Monday, April 30, 2012

Words matter?

There's a commercial building on Shattuck Avenue between an Italian restaurant called Giovanni's and a Dollar Tree. The building has been under renovation for a while now. It used to be another, ostensibly local cheap-stuff-store -- called Berkeley Mart -- but I gather that business was killed off by the national chain cheap-stuff-store that hunkered down next to it.

I have no opinion whether one of these cheap-stuff-stores is better than another, but in any event there's a pressboard fence now in front of the property that used to be Berkeley Mart and it's pretty much always plastered with movie posters, political announcements, advertisements of one sort or other. The photo at the top of this post is what the fence looked like about a week ago.

Note the wheat-pasted double row of poster-size announcements for The Five-Year Engagement, a movie that opened this past weekend. It's a romantic comedy. Now of course anybody's free to like that sort of thing, but I'd respectfully recommend you watch the trailer before you buy a ticket. My vote? Straight-to-DVD, not that anybody asked me. I base my opinion solely yet confidently on the trailer. I confess that I only bothered to watch the trailer because one doesn't want to publicly judge a movie by its title.

But I digress.

Note, in the photo at the top of this post, the many many blue, photocopied, 11 x 17" sheets stapled over the movie posters. Maybe you can make out the larger line of text? If not, I've provided a close-up, at right. Words Matter, that's the sound-byte here. The ad, as you can see, is for the San Francisco School of Copywriting. Their claim? That one need only visit the web site and register for a class in order to start a new life. As a copywriter, one assumes. Because Words Matter.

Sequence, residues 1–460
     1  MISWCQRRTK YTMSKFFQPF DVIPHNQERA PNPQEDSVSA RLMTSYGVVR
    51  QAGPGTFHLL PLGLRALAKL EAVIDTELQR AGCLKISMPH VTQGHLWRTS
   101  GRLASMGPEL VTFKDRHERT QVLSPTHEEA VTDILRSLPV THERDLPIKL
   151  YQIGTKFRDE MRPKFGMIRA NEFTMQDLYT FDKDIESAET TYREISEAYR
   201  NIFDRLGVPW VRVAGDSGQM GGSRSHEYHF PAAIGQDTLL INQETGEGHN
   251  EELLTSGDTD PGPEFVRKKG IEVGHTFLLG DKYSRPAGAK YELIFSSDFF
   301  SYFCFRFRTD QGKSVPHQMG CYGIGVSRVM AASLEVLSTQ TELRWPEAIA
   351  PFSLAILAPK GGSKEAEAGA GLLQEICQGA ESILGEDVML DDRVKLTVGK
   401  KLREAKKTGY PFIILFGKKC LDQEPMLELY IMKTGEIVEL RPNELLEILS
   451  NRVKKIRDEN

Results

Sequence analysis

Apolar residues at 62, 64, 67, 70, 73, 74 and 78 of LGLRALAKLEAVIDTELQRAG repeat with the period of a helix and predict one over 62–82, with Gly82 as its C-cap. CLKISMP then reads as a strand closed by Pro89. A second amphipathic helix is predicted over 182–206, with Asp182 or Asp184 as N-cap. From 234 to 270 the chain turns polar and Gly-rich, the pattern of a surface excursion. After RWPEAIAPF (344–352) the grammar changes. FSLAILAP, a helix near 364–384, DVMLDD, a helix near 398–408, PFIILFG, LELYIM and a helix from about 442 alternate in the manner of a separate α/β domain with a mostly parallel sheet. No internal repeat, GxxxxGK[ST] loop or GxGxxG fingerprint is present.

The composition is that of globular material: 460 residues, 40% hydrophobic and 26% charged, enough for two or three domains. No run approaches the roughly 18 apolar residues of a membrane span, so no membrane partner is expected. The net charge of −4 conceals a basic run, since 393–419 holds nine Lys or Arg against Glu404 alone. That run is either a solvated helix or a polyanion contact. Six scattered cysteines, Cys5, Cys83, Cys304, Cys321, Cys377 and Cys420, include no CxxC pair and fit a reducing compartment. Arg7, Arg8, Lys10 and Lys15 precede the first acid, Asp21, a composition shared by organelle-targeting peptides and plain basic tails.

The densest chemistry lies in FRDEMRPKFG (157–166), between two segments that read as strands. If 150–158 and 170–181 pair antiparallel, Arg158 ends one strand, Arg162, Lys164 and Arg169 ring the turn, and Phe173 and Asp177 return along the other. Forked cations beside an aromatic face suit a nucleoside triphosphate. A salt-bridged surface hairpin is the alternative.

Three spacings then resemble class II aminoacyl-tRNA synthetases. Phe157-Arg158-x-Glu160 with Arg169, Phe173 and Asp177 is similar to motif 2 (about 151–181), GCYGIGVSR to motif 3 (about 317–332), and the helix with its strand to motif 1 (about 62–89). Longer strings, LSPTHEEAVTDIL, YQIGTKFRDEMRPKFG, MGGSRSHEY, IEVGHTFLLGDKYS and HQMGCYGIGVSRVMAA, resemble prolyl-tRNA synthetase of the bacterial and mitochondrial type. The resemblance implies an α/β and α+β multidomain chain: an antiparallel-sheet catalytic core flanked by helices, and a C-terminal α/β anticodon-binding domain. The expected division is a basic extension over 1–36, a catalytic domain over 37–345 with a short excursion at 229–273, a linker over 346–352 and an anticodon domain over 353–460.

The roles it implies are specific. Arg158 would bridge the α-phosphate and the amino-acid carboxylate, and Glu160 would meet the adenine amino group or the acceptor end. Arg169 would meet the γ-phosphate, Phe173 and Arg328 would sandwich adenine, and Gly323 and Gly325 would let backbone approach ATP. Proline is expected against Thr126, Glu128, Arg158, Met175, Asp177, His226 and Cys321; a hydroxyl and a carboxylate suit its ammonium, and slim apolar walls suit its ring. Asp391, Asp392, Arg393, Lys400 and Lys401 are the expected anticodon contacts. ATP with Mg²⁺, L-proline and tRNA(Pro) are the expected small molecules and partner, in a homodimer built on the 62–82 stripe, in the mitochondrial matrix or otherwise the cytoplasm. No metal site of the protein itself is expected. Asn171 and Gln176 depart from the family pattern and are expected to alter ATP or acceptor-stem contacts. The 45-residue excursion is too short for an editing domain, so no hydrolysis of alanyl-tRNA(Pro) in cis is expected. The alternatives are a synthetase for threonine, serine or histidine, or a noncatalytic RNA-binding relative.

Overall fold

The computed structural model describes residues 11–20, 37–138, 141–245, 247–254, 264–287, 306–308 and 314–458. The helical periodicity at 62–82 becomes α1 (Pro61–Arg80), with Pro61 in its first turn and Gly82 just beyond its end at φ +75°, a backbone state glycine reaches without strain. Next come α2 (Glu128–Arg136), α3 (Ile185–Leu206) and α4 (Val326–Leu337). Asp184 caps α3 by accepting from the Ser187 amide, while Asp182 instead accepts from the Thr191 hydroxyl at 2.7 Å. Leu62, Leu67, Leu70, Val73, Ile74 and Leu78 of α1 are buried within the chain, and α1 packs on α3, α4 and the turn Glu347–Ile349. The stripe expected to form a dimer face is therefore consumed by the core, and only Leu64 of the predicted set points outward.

On Facebook, the school's tag is this: "Learn the art of copywriting. Online and live copywriting classes. Words that Matter. Words that sell."

I don't want to cast aspersions on David Alger. I don't know the man from Adam, but I can tell you (because it says so on the web site) that he identifies himself as the founder of the San Francisco School for Copywriting. This post is not about David Alger. Hey, everybody gets a shot at making a living, this is America, right? This post is about the way he advertises his copywriting school.

As someone who aspires to get more out of words than a catchy advertising slogan, it kind of chokes me up -- and not in a good way -- to see the idea that "words matter" conflated with an ability to inspire ... a purchase. Or, taking the tack of Alger's About page, to inspire strangers to toss a few coins to blind guys. Not that there's anything wrong with tossing coins to blind guys, or anyone else who needs them, as my friend Kate advocated in her post of last week, Five Reasons to Give Money to Panhandlers.

But there I go, digressing again.

Wanting more than advertising copy out of words ... does that make me old school? Is it impossibly starry-eyed to imagine that "Words that Matter" is a slogan distinct from "Words that sell"? Is it conceivable that humankind might arrest a slide into groupthink that conflates "sell" only with "convince"? Have you looked up "sell" in a dictionary lately? (Merriam-Webster places the "to convince" sense of sell at #5 of 8, after senses of the word that boil down to 'betray'; 'exchange, especially foolishly or dishonorably'; and, my personal favorite -- here quoting directly -- "to dispose of or manage for profit instead of in accordance with conscience, justice, or duty.")

On the other side of the storefront that used to be Berkeley Mart there's more pressboard facade. Last weekend there were posters for Designer Shoe Warehouse wheat-pasted over the posters for The Five-Year Engagement, and 11 x 17s hawking the San Francisco School of Copywriting are stapled over those, and atop those were stapled yet another set of posters, calling for participation in tomorrow's General Strike, organized on the occasion of May Day by "Occupy Oakland and comrades across the bay."

The mind reels. Romantic comedy, discount shoes, cooperative classes for copywriters, general strike.

It's life on the Left Coast in the 21st century. Enough to make a person long to sink into the lotus position and meditate, clearing the mind of words altogether.

Do you think words matter?

Related posts on One Finger Typing:
Story Matters
Craft and art: erasure and accent
Starbucks' vacuum-packed greenwashing
N-gram fetishism

Thursday, April 26, 2012

On the bright side: an iris in someone's front yard